Asthmatics should be proactive in managing their condition and not merely think they can live with it, writes Nadia Badarudin
WHEEZING, coughing, shortness of breath and chest tightness — symptoms experienced by some 300 million people around the globe suffering from asthma, a chronic lung disease for which there has been no cure as yet.
The American Academy of Allergy Asthma and Immunology states that asthma cases have risen substantially in the last 40 years, and with a projected additional 100 million asthmatics worldwide by 2025.
Asthmatics usually find their lives adversely impacted by recurrent attacks that cause fatigue and sleeplessness leading to school and work absenteeism, and limiting participation in sports and recreational activities.
Despite it being one of the most common chronic diseases, asthma remains under-diagnosed and under-treated.
According to a local study in 2012 — The Role Of Health Counselling In Relation To MDI Usage For Rural Adult Asthmatic Patients In Hulu Selangor by K. Selvam — prevalence of asthma in Malaysia is estimated between 10 and 13 per cent of the population, affecting approximately 3.25 million people, in which the majority are under-treated.
WHAT IS ASTHMA?
According to the MSD Global Asthma Fact Sheet, asthma is an underlying inflammation of the bronchial tubes (the airways leading to and from the lungs) which increase sensitivity to certain airborne substances. Once irritated, the sensitivity can trigger the narrowing of the airways and reduces the flow of air in and out of the lungs, resulting in an asthma attack.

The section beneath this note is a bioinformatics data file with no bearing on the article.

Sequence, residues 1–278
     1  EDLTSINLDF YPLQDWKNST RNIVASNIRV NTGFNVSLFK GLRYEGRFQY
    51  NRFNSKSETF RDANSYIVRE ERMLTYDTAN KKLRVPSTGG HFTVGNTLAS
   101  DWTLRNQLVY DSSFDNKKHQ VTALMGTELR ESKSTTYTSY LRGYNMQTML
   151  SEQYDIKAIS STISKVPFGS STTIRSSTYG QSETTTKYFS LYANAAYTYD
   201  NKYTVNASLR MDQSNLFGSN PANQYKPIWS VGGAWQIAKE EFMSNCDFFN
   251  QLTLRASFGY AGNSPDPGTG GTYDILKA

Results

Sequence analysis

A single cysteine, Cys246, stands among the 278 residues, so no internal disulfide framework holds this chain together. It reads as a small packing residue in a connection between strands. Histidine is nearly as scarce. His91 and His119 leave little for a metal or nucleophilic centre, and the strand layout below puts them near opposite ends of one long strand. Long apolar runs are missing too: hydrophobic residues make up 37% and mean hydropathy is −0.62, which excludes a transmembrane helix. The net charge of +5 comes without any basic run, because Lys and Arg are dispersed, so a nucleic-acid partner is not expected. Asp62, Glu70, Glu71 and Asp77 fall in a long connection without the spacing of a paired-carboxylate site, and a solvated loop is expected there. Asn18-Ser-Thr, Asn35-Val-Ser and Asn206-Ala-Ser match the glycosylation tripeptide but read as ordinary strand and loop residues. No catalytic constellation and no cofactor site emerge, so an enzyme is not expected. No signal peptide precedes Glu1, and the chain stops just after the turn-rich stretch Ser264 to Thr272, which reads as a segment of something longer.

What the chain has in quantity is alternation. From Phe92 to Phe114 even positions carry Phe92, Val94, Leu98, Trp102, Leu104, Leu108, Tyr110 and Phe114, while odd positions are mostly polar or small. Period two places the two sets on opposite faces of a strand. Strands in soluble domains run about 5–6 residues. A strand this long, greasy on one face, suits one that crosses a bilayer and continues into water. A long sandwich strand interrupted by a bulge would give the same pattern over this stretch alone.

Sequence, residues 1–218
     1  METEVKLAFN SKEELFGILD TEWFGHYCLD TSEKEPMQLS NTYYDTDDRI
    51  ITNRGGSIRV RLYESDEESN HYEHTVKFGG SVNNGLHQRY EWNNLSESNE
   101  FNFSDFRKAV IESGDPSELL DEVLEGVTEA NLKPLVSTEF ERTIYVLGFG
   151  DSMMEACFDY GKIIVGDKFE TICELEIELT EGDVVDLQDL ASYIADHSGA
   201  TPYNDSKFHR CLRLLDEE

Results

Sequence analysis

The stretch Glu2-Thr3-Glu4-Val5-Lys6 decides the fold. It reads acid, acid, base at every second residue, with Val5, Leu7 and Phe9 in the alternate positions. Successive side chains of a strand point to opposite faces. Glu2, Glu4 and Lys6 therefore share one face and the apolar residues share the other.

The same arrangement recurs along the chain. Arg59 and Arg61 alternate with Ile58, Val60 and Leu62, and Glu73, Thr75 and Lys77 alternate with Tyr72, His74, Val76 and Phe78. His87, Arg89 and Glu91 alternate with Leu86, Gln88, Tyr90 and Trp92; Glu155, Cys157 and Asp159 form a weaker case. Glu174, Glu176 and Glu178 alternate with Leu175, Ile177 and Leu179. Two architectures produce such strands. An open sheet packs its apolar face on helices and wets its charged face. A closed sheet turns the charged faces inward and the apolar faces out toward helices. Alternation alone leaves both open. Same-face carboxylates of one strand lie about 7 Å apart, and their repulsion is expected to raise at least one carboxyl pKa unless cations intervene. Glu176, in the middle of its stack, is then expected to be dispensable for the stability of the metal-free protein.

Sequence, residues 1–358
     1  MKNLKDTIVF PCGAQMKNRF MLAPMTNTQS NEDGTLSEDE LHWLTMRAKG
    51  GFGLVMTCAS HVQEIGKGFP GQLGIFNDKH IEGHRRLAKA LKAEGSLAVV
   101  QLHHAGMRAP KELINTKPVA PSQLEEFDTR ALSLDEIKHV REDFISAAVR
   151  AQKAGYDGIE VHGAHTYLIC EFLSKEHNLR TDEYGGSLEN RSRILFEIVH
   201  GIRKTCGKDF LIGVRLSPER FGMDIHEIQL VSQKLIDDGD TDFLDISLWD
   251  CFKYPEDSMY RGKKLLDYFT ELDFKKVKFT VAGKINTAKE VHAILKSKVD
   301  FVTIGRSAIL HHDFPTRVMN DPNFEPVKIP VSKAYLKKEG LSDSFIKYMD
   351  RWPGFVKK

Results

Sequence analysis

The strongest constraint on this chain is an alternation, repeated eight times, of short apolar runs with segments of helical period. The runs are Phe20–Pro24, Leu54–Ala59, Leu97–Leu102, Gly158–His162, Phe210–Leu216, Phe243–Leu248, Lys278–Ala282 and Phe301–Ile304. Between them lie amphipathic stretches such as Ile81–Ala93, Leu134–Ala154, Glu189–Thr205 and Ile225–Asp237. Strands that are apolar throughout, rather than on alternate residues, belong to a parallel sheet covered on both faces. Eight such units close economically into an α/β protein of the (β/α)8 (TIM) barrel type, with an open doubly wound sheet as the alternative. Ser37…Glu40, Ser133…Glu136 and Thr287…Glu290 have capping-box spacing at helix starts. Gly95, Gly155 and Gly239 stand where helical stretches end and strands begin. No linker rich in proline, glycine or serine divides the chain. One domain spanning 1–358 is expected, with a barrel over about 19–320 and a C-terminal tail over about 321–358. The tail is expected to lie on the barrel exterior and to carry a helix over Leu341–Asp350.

Institute of Respiratory Medicine director Datuk Dr Abdul Razak Muttalif says asthma, which has become more common in urban areas, is triggered by various factors including genetics, outdoor and indoor allergens, as well as the environment.
“Besides genetic predisposition, the onset of asthma can be caused by allergens such as pollen, moulds, dust mites, animal dander or insects like cockroaches, as well as automobile emissions, toxic chemicals, viral infections, haze or changes in weather.
“Stress, anxiety, strenuous exercise and even laughter can trigger asthma attack.”
“There are also indications of exacerbations in a smoking environment. Studies show that smoking can influence the effectiveness of an asthma therapy and cause difficulty in controlling the disease,” he says, adding that males have a higher risk of asthma during their childhood but after adolescence, the risk is higher in females.
He adds that there are also cases of patients mistakenly thinking that their symptoms are merely allergic rhinitis (resdung in Malay).
“There is a close link between asthma and allergic rhinitis. About 80 per cent of asthmatics have concomitant rhinitis. Thus, it is important that if someone has ‘resdung’ and feels breathless, he or she should check for asthma,” he says.
Medications prescribed for asthmatics fall into two categories — long-term control, and quick relief or “rescue” medications.
Inhaled corticosteroids are the preferred medicine for long-term control of asthma, while short-acting beta2-agonists are one of the options for quick relief.
In serious conditions, oral and intravenous corticosteroids may be required for acute asthma flare-ups or for severe symptoms. However, these can cause serious side-effects if used long-term.